At a time when the Republicans are beset by Tea Party candidates whose serious behavior overwhelms the most conscious satire efforts constructed by writers of Saturday Night Live, a situation that would traditionally redound in favor of Democrats, we have instead a silly season where some of the most unfit candidates ever foisted on the public are enjoying leads in the polls.
Two recent classic cases, both from the West, jump out for inspection. Meg Whitman, a woman who has unleashed her E-Bay executive millions in a bid to buy the governorship of California, used some of her money to purchase time for an ad where she inadvertently salutes her opponent.
Whitman is seen and heard longing for the past, for that wonderful California of 1980 when she and her husband moved to the Golden State in pursuit of the good life. Wouldn't it be wonderful to restore that period, Whitman wishes. Yes, and who was governor in 1980, the glorious period she wishes to recapture as California's governor?
Actually there was a highly familiar face serving as governor then, Meg. It was Jerry Brown. Remember him? He is that same candidate you are fervently running against, the target of all those mega million bucks your hired guns have been attacking non-stop. [Californians are rolling in the aisles with laughter at this ad.]
In the neighboring state of Nevada we have one of the Tea Party's most celebrated favorites, Sharron Angle, who seeks to unseat Democratic Senate Majority Leader Harry Reid. Angle is emerging as a good candidate running for sprint champion of Nevada. Her sprinting is to avoid contact with a reporter seeking to ask her about her foreign policy views. As the local television reporter seeks to keep pace running after the fleet-footed Angle at McCarran Airport, he persists.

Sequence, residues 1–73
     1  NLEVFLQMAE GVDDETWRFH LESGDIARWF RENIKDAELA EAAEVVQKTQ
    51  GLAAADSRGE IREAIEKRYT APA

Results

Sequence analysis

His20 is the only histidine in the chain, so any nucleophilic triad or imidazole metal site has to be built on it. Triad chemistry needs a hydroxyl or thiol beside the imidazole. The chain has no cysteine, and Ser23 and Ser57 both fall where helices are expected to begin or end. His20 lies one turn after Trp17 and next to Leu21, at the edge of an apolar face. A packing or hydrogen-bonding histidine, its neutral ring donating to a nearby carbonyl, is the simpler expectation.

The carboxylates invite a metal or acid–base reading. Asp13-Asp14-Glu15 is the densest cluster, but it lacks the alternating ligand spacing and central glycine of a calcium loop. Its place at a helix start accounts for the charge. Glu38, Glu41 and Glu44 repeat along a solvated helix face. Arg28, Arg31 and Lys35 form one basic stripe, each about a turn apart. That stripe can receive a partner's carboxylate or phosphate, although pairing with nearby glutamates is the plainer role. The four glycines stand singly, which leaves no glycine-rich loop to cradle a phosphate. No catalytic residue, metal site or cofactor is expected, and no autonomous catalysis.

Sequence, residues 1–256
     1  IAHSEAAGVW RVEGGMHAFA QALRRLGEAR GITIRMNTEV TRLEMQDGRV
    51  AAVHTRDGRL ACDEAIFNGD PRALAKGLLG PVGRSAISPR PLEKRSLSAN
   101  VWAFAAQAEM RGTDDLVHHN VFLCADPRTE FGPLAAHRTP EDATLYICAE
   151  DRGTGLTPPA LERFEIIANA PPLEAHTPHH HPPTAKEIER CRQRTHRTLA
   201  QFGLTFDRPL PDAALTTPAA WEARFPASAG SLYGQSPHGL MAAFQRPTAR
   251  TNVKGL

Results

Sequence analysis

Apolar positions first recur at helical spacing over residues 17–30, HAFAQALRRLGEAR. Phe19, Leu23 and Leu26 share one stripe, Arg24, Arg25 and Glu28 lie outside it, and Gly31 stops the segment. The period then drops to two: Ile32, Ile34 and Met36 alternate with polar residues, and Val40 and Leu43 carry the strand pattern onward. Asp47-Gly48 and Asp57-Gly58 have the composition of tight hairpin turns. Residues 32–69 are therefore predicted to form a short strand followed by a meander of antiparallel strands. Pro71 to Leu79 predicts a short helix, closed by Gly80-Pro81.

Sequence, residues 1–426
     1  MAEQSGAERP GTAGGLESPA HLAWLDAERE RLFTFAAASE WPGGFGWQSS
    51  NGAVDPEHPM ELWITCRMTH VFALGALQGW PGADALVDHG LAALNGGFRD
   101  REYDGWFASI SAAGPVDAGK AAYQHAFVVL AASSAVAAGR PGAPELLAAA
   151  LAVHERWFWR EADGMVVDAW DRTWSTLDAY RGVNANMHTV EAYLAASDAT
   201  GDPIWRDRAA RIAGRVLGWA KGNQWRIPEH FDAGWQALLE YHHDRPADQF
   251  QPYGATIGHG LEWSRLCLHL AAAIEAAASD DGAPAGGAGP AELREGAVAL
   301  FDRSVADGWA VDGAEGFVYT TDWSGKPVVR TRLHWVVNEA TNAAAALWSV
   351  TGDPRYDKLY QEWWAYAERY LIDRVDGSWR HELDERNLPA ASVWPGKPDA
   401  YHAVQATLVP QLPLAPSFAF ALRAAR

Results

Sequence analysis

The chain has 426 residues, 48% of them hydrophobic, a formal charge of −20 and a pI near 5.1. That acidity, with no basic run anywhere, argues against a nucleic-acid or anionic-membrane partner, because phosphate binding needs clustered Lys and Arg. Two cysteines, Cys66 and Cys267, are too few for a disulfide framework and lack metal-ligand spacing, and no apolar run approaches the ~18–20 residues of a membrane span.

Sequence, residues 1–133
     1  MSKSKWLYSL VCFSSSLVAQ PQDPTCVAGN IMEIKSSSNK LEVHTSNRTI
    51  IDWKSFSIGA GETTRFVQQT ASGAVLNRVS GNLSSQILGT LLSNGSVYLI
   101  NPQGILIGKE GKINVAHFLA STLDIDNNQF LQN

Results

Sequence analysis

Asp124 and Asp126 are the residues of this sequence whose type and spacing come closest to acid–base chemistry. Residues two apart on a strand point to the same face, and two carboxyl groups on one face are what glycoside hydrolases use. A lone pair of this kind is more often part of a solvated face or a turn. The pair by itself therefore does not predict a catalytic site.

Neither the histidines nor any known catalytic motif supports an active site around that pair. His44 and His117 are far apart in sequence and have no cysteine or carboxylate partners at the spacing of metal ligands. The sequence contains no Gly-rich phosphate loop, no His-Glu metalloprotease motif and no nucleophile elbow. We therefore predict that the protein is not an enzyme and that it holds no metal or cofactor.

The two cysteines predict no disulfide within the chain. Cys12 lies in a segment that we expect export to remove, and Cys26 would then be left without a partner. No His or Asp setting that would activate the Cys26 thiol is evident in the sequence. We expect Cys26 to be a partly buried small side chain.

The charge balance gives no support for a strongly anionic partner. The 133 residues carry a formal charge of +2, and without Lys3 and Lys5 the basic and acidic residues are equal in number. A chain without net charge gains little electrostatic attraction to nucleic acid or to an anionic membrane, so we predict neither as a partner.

With America currently engaged on two war fronts, he asks her views about Iraq and Afghanistan. Alas, after being long ignored Angle finally responds to the reporter. The candidate that, according to recent polls, Nevadans prefer over Senate Majority Leader Reid concedes that the wars are both "there." In short, Angle concedes that the wars in Iraq and Afghanistan actually exist. Such, apparently, is her succinct analysis of two costly wars in which the U.S. is currently engaged. They truly exist, a kernel of wisdom we have gleaned from the pristine foreign policy mind of Tea Party favorite Angle.
There is one more example of another Tea Party celebrity, this time on the East Coast, whose sparkling wit has also been in evidence. Christine O'Donnell in a recent debate with Delaware senatorial opponent Chris Coons knew nothing about the First Amendment and its free exercise clause regarding religion and the state.
Coons was shown patiently explaining to O'Donnell about the First Amendment as he would to a young daughter early in her civics class study. In place of being appreciative for Coons' assistance, O'Donnell put her later spin on the experience for media consumption. O'Donnell had lectured Coons, she insisted. She believes that she had been the informed party. [She thought that the audience was laughing at Coons when it was her ignorance they were laughing at.]
With such ill-suited candidates exhibiting a string of gaffes, we have the results of the New York Times Poll explaining preference of a large segment of the nation's voters for such candidates as those described and others such as senatorial aspirants Rand Paul in Kentucky and Joe Miller in Alaska as embodiments of arguably the silliest national campaign season on record.